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Airodump-ng: What Exactly Are Data Packets?


blackriver
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I was trying to explain the workings of Airodump-ng to someone when it occurred to me I don't fully understand what the "#Data"-column is trying to show. I always assumed these were "interesting" packets, i.e. packets generated by an actual user instead of say beacons (although the manual says it's the "number of captured data packets, including data broadcast packets"). I was wondering if anyone knew how Airodump-ng determines if it sees a data packet.

I tried to google but couldn't find an answer. So is it perhaps one of these?

All packets minus beacons?

Only TCP (and maybe UDP) packets?

All packets that have a source and destination?

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It is referring to layer 2 data frames that it has captured. These don't include beacon frame but do include broadcast frames, they are different.

The easiest way to think of it is that they are the actual frames from each computer that will reach other computers on the network. Frames like Beacon, Authentication, Deauthentication, etc. are only passed between the computer and the access point, and so aren't included as a data frame.

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It is referring to layer 2 data frames that it has captured. These don't include beacon frame but do include broadcast frames, they are different.

The easiest way to think of it is that they are the actual frames from each computer that will reach other computers on the network. Frames like Beacon, Authentication, Deauthentication, etc. are only passed between the computer and the access point, and so aren't included as a data frame.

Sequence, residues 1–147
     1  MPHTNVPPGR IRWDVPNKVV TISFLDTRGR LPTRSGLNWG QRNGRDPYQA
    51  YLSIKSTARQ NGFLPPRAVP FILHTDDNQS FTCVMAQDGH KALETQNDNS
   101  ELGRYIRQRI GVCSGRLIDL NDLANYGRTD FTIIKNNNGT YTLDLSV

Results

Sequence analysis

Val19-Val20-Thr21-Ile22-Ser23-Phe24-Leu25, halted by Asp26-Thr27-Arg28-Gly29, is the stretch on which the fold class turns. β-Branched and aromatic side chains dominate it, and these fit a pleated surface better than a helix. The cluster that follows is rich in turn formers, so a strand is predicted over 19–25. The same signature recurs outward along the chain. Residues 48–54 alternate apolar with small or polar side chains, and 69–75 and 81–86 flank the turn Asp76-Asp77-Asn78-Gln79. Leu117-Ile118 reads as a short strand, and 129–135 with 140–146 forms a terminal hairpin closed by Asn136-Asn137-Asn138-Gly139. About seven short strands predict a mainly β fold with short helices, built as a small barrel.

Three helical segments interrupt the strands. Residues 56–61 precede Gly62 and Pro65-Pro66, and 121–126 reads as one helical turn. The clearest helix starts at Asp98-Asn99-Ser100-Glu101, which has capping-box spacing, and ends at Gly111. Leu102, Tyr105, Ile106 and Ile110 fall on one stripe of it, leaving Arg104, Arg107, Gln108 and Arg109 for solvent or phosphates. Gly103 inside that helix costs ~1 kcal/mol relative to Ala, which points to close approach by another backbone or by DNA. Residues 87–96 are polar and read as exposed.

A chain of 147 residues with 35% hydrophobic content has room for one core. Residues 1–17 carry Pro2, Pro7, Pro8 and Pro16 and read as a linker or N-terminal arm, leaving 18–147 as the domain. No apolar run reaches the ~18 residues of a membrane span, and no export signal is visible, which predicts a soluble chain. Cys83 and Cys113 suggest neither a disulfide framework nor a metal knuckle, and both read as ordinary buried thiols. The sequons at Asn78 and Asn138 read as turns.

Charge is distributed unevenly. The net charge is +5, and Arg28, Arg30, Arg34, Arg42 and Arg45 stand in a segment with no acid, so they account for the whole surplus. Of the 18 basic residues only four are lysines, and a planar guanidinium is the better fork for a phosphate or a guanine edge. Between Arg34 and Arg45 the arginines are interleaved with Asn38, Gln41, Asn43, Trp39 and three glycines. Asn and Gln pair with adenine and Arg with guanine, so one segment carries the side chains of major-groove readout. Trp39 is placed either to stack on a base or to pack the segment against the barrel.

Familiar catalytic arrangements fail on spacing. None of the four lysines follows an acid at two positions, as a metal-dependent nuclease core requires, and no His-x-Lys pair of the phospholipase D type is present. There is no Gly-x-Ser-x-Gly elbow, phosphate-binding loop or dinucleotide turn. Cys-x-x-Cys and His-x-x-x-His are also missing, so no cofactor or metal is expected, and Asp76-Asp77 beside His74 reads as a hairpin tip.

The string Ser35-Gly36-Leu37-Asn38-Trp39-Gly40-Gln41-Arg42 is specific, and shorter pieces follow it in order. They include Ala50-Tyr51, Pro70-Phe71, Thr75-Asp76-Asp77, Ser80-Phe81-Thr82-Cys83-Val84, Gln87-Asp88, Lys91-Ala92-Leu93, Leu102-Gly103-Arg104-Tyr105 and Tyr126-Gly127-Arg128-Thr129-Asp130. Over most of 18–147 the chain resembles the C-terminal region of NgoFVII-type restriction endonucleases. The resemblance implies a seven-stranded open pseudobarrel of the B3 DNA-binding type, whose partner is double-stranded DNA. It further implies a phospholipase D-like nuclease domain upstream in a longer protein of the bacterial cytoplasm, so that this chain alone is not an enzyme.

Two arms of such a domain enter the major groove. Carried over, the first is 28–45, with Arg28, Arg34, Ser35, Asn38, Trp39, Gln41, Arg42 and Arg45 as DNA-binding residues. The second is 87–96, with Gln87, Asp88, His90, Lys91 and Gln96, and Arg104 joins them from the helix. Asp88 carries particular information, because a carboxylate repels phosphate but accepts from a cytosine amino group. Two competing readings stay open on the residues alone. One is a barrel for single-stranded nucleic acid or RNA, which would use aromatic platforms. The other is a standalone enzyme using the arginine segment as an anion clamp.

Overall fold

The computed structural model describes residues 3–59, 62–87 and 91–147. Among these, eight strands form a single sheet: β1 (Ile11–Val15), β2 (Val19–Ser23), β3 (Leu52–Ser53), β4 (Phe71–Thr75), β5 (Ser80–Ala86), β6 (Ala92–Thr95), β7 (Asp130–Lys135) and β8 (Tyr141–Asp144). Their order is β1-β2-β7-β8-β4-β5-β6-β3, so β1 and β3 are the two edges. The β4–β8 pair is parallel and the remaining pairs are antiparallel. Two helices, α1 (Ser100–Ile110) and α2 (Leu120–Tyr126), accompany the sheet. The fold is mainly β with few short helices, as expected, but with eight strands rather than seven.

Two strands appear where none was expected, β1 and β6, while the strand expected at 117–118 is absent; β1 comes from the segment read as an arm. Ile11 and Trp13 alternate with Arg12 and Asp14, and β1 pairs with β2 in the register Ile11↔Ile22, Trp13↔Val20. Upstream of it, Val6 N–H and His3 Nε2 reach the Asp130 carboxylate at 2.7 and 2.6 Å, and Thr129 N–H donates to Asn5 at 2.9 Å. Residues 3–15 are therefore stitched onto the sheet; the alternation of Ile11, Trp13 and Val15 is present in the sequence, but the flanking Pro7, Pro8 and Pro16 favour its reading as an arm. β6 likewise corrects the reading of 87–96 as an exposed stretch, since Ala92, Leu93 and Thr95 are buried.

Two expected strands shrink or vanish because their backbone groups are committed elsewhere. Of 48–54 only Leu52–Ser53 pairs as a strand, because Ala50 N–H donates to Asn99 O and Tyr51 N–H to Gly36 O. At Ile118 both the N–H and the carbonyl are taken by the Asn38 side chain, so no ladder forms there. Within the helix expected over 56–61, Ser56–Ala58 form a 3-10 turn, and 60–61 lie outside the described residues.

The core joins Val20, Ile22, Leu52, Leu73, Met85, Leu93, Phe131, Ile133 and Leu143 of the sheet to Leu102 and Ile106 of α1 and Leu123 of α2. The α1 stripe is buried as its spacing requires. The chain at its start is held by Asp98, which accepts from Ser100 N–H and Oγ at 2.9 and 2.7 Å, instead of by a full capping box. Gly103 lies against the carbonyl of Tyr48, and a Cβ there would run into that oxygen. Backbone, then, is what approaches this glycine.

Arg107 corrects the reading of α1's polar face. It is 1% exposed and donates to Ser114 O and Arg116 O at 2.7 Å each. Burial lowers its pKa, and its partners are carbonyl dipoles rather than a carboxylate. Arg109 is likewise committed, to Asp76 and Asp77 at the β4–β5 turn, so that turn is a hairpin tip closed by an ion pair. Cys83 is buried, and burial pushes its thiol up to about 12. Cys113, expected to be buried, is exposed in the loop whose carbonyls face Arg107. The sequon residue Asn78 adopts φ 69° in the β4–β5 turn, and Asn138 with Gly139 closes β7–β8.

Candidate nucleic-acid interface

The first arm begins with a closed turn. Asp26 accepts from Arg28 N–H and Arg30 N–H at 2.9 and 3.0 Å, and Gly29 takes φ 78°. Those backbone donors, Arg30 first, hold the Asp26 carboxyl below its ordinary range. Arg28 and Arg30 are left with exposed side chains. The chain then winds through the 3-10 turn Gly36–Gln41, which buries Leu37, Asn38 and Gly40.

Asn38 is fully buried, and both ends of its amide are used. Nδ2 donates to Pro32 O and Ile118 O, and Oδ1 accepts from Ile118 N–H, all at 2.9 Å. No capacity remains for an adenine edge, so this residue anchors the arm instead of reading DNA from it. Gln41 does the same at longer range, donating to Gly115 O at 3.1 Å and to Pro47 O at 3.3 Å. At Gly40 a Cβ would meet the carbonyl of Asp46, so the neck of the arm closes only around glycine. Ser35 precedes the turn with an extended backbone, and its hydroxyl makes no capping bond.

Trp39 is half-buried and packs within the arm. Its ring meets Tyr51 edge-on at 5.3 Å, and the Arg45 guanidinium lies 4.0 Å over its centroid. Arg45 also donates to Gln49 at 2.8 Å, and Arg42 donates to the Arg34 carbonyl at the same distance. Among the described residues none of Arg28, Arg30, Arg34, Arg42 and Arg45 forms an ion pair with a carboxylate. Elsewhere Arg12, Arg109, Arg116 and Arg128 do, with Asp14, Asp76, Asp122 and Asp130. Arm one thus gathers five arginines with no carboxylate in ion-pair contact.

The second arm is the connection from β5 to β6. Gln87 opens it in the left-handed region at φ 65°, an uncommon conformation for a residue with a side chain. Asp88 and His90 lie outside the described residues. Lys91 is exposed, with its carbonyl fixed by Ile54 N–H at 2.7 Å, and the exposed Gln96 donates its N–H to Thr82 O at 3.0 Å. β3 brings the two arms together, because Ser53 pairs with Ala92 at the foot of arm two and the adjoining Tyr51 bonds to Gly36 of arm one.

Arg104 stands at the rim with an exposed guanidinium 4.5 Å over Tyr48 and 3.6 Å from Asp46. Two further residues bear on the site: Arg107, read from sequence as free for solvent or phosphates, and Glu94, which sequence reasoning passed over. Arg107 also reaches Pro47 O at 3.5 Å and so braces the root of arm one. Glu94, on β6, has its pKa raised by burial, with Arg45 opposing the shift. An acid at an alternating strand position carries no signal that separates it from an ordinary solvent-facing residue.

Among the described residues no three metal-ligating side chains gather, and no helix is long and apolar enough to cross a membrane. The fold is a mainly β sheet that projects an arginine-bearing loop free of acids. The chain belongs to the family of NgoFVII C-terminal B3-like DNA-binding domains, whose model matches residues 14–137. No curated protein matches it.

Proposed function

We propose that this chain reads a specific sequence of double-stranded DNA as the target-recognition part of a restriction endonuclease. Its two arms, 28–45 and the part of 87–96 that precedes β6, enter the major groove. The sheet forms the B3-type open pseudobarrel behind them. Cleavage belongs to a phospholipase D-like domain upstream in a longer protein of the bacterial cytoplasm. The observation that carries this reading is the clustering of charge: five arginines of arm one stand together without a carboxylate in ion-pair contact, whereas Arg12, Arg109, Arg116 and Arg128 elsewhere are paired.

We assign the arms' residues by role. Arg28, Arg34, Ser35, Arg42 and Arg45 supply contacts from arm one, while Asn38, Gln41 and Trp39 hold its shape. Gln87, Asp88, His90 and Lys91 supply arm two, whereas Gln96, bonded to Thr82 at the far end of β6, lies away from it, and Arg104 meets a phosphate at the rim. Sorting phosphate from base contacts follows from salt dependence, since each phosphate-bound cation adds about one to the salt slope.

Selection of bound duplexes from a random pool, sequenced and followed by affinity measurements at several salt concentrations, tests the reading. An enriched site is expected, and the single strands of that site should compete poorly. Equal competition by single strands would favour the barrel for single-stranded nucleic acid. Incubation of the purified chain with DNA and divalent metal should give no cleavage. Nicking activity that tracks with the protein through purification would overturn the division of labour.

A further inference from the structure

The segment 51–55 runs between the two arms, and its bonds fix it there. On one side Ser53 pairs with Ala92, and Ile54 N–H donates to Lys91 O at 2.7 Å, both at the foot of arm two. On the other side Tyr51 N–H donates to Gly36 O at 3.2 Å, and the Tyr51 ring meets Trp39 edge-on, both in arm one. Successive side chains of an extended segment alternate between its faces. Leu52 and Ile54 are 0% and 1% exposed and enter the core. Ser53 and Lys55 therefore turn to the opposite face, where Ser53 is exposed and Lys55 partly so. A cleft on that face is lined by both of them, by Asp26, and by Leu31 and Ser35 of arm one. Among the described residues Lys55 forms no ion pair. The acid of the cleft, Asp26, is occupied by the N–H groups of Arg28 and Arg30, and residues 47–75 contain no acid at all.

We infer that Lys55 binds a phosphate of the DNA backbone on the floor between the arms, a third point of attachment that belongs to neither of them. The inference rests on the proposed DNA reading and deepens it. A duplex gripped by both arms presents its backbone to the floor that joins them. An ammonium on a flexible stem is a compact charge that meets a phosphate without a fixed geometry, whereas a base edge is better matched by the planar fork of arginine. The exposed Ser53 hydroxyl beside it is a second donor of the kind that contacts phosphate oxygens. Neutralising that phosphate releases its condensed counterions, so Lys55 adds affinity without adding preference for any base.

Thanks for the reply, Jason. I'm trying to understand how I could do the same with a different tool, say tcpdump. As far as I understand, tcpdump will also capture the beacons when put in monitor mode with -I. Is there a way to basically count the "data packets" in monitor mode just like airodump-ng does?

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I have never tried using tcpdump with are wirless interface in monitor mode, I suspect that you will have to do a bit of coding to get the results that you want or grab everything with tcpdump and then run the capture through wireshark.

If you do start to investigate coding your own tool then the 802.11 standards could be useful reading.

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I'm not sure if I'm up to coding my own tool yet, but thanks for the reading material. I wonder if this would be a good exercise in Python or Ruby: calling tcpdump and tshark, processing their output, and restart. Sounds like a weekend project!

If you are going to have a go with it look at using the pcap libraries as they will make you life easier when dealing with sniffing/captured packets.

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